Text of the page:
DAVIS v. FLORIDA,
Annotate this Case
473 U.S. 913 (1985)
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U.S. Supreme Court
DAVIS v. FLORIDA , 473 U.S. 913 (1985)
473 U.S. 913
Allen Lee DAVIS
Supreme Court of the United States
July 1, 1985
On Petition for Writ of Certiorari to the Supreme Court of Florida.
The petition for a writ of certiorari is denied.
Justice MARSHALL, with whom Justice BRENNAN joins, dissenting.
Petitioner was charged with the brutal beating and shooting of a woman and her two young daughters in Duval County, Florida. The murders and petitioner's arrest were the subject of enormous pretrial publicity in the Duval County area. The major local newspapers carried numerous stories on the crime and the details of petitioner's arrest, and many minutes of prime-time news coverage were devoted to the subject. Among the specific and prejudicial facts disclosed by this pretrial publicity were that petitioner had failed a lie detector test, that he had a history of violent crime, that he was on parole at the time of his arrest, that he had admitted being in the victim's home around the time of the murders, and that particular pieces of evidence appeared to link petitioner to the crimes.
Based on the substantial showing of prejudicial pretrial publicity he had made, petitioner moved for a change of venue. Attached to this motion were affidavits from 15 Duval County attorneys who believed the extent and nature of the pretrial publicity would make it impossible for petitioner to receive a fair and impartial jury in Duval County. Petitioner also moved for individual and sequestered voir dire, and the trial judge deferred ruling on the change-of-venue motion until after voir dire was completed. During voir dire, at least 10 of the 40 veniremen admitted having prior knowledge about the case. The trial judge, however, re-
fused to allow these jurors to be questioned individually and, as a result, defense counsel was precluded from learning the specific information they had heard or read. To have pursued such a line of questioning in front of the entire jury pool undoubtedly would have contaminated the remainder of the venire. After the group voir dire, the trial court denied the change- of-venue motion. Four of the veniremen who admitted to prior knowledge of the case ultimately sat on the jury that convicted petitioner and sentenced him to death.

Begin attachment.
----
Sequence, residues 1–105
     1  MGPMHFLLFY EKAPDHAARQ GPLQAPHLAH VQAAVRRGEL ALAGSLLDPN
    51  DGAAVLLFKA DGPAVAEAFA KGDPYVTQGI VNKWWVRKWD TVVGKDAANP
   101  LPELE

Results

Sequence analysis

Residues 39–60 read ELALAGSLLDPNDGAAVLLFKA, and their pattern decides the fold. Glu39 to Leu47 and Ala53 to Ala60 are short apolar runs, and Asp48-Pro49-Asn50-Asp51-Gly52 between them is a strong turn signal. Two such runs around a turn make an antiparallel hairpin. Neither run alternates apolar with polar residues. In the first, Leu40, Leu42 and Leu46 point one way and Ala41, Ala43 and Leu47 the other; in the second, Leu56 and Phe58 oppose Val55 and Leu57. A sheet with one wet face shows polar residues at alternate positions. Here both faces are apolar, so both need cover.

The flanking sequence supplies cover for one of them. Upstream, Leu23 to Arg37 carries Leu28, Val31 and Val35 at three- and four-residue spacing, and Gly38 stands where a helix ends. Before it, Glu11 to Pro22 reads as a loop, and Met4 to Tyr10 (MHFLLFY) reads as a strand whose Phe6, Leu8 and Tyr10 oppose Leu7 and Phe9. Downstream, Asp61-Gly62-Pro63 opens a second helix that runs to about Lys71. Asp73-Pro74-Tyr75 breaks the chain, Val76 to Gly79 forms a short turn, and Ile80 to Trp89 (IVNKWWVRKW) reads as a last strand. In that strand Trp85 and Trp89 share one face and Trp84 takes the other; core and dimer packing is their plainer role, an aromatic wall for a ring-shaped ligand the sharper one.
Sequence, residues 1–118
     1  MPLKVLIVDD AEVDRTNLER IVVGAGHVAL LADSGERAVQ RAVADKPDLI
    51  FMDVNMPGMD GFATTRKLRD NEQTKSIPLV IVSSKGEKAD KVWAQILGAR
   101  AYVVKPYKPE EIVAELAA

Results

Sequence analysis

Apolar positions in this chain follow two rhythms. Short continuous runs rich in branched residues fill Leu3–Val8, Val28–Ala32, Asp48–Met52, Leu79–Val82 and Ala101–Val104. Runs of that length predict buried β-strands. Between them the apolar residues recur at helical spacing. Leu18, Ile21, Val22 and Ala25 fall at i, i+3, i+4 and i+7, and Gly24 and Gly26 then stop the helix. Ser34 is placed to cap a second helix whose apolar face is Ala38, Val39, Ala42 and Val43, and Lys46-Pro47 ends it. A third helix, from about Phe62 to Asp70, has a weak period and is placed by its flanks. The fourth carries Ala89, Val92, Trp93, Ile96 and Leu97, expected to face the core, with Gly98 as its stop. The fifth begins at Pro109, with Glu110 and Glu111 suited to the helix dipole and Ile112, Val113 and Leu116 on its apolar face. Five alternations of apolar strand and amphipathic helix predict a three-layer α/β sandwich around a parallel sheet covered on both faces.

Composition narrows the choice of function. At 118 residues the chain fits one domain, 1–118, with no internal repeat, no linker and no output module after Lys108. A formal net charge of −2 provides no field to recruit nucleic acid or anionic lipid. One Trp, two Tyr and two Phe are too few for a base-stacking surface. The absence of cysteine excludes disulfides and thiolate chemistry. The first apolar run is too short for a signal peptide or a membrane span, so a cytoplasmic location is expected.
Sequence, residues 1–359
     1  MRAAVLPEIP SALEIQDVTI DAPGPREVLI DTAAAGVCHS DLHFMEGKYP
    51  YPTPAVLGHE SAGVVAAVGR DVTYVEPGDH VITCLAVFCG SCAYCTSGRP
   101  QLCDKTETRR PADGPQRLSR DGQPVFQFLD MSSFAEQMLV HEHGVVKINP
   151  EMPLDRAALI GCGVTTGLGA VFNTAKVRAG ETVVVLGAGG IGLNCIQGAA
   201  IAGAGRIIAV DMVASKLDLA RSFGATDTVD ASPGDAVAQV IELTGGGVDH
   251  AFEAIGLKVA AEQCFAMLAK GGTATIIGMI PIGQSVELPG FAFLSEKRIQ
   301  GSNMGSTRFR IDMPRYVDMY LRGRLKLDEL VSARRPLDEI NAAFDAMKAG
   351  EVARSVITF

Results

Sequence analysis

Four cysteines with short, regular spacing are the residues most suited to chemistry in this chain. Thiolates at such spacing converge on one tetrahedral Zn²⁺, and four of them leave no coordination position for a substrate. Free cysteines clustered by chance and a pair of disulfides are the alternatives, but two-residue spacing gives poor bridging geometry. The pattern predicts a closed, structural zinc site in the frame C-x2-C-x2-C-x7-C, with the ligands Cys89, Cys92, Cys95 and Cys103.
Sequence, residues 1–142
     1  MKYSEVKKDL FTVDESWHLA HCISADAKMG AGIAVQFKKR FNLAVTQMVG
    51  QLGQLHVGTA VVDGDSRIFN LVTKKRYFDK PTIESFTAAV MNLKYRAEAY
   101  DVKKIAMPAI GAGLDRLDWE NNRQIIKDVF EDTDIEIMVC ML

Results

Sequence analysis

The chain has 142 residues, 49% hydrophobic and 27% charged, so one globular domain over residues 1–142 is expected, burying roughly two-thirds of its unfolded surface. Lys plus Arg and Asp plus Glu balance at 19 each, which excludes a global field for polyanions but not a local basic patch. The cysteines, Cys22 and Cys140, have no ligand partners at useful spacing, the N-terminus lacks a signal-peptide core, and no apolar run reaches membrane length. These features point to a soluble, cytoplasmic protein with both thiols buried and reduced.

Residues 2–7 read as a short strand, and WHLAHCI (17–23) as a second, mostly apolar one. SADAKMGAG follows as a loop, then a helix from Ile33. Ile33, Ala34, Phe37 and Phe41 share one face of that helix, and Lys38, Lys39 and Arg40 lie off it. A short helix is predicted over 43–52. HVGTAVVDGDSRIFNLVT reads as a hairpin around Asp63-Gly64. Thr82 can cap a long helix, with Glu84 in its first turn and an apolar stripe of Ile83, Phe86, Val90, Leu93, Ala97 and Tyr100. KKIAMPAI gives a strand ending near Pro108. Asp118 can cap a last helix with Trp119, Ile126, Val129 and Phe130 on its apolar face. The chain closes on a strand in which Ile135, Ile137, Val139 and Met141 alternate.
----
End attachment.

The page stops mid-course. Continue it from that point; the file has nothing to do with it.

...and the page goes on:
Petitioner argues that the refusal to grant individual voir dire in the circumstances of this case violated his Sixth Amendment right to a fair and impartial jury. I recognize that "exposure to information about a state defendant's prior convictions or to news accounts of the crime with which he is charged [does not] alone presumptively depriv[e] the defendant of due process." Murphy v. Florida, 421 U.S. 794, 799, 2036 (1975). "It is sufficient if the juror can lay aside his impression or opinion and render a verdict based on the evidence presented in court." Irvin v. Dowd, 366 U.S. 717, 723, 1643 (1961). The question here, however, is not whether the jury actually was biased against petitioner, but whether he was unconstitutionally deprived of the opportunity to uncover such bias and to exercise his for-cause challenges to root it out. The right to an impartial jury encompasses the right to take reasonable steps designed to insure that the jury is impartial. See, e.g., Groppi v. Wisconsin, 400 U.S. 505 (1971); Sheppard v. Maxwell, 384 U.S. 333 (1966); Aldridge v. United States, 283 U.S. 308 (1931); see also Ham v. South Carolina, 409 U.S. 524, 532, 853 (1973) ( opinion of MARSHALL, J.). Moreover, the informed exercise of jury challenges is an essential element in insuring jury impartiality. Indeed, the first Justice Harlan, speaking for a unanimous Court, called the right to challenge "one of the most important of the rights secured to the accused" and concluded that "[a]ny system for the empanelling of a jury that prevents or embarrasses the full, unrestricted exercise by the accused of that right, must be condemned." Pointer v. United States, 151 U.S. 396, 408, 414 (1894); see also Lewis v. United States, 146 U.S. 370, 376, 138 (1892); Johnson v. Louisiana, 406 U.S. 356, 379, 1642 (1972) (opinion of POWELL, J.).
This Court has not addressed whether, and upon what threshold showing, individual voir dire is constitutionally required to guarantee a defendant's right to "have sufficient information brought out on voir dire to enable him to exercise his challenges in a rea- [473 U.S. 913 , 915]